Julie London, the smoky-voiced torch singer who insisted she couldn’t sing but whose voice sent shivers down spines and whose album covers alone turned men weak in the knees and women green with envy, died Wednesday. She was 74.
London, the sultry actress who declared herself no Sarah Bernhardt but is remembered as head nurse of the 1970s television series “Emergency,” died in Encino Hospital. Meyer Sack, her longtime business manager, said she died of complications of a stroke suffered five years ago.
Her first recorded single, “Cry Me a River” in 1956, propelled her into musical history. Relatively unknown as an actress despite a spate of films in the 1940s, London also caught fire on screen the same year as alcoholic singer Carol Larson in Jose Ferrer’s “The Great Man.”
Theme magazine dubbed her its “most exciting new vocalist” for the year and Variety applauded the actress “who digs into a dramatic role and socks it across with aplomb.”
London recorded more than 30 albums—among them “Julie Is Her Name,” “Lonely Girl,” “Calendar Girl,” “About the Blues,” “Make Love to Me,” “London by Night"—with that voice connoisseurs described as smoky, husky, breathy, haunting, intimate and even “a voice for a smoke-filled room.”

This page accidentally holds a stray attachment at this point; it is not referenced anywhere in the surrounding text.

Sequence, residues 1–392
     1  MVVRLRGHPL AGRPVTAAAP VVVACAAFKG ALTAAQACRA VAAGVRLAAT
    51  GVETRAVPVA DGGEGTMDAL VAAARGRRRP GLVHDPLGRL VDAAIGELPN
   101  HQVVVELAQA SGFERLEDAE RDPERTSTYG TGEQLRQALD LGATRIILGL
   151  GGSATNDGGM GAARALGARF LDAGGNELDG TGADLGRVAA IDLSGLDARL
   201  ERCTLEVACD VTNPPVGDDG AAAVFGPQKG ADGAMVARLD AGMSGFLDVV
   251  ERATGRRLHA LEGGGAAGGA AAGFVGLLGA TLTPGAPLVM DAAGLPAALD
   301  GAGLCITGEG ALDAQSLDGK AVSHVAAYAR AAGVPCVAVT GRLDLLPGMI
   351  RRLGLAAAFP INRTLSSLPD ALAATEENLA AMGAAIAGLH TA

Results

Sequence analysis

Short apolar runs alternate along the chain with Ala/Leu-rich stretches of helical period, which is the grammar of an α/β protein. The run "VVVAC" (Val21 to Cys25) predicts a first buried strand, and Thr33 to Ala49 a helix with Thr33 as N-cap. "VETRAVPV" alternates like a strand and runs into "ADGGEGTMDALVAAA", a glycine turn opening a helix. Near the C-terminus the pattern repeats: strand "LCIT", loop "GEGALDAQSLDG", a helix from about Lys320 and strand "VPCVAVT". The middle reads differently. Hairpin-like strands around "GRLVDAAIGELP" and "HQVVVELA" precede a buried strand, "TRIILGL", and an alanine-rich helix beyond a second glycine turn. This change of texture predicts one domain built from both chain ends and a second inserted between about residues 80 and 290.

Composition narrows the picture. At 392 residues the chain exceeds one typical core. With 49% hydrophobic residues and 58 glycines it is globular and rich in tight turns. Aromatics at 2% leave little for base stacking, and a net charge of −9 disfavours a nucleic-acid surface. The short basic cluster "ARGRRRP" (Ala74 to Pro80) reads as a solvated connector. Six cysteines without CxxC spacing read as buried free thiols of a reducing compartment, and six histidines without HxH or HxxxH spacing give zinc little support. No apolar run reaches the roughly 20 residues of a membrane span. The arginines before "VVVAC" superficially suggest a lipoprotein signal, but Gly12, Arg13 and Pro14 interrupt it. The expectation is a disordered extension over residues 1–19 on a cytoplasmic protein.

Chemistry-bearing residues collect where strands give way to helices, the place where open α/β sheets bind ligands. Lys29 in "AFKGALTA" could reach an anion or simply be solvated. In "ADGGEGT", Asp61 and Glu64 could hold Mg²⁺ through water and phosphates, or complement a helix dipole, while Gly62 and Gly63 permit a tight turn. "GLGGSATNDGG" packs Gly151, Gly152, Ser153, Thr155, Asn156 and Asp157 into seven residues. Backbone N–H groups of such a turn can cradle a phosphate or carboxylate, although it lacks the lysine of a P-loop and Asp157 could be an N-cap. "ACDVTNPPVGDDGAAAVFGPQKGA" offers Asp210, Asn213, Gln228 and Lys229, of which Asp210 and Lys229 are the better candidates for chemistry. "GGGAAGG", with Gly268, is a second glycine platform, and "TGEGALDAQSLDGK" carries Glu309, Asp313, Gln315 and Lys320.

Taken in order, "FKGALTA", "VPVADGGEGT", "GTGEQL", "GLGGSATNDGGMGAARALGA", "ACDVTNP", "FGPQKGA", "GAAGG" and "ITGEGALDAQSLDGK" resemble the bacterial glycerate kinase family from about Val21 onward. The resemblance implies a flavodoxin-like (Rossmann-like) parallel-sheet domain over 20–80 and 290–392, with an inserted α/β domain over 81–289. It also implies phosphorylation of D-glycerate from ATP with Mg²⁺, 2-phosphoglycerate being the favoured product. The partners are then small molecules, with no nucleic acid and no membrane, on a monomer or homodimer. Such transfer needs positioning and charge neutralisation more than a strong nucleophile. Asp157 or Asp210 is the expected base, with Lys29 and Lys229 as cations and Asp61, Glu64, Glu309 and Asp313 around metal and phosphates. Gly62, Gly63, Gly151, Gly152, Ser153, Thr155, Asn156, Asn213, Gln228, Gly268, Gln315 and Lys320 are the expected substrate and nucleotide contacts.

Maybe they called it smoky because she smoked too much, she joked, and maybe breathy because she never learned how to breathe properly, and intimate because “I’m a girl who needs amplification.” Despite her vaunted voice and beauty, she was known for zero self-confidence and always credited her success to good material in song or script.
When she played a pseudo Marilyn Monroe in the 1963 television drama “Diamond in the Sky,” London scoffed at comparisons, insisting: “We’re opposite types. Marilyn was the sex symbol. . . . I’m strictly the housewife-mother type.”
Yet London’s mere appearance, with her statuesque figure, had such an effect on men that critics were never certain whether her albums sold so well because of her vocal prowess or her sexy photos on the cover.
“Just as long as they buy the records, I don’t care why they buy ‘em,” she happily told The Times in 1961, later joking: “We spent more time on the covers than the music.”
In the early 1960s, when cigarettes were advertised on television, London memorably crooned “The Marlboro Song” to a swain in a convertible or beach house. A hard-bitten Times business writer confessed that London was the only woman on television who could persuade him to buy anything—adding that he smoked a dozen of her touted brand while interviewing her.
When London testified before the U.S. Senate in 1967 that performers deserved copyright protection as much as writers, a nationally syndicated political writer threw objectivity to the winds and slavered: “Miss London stole the show. . . . She had come in a high dress, a blue woolly-shifty thing that touched all the bases like a grand-slam home run. Her eyelashes were three furlongs of black beachcombers and her hair was spun brass. . . .”
Entertainment writers never even pretended reserve. In the 1940s, a Times critic called the teenager “a young Bette Davis . . . provocative, decisively different.” A decade later, another described her as “a magnificently assembled blond child. . . .”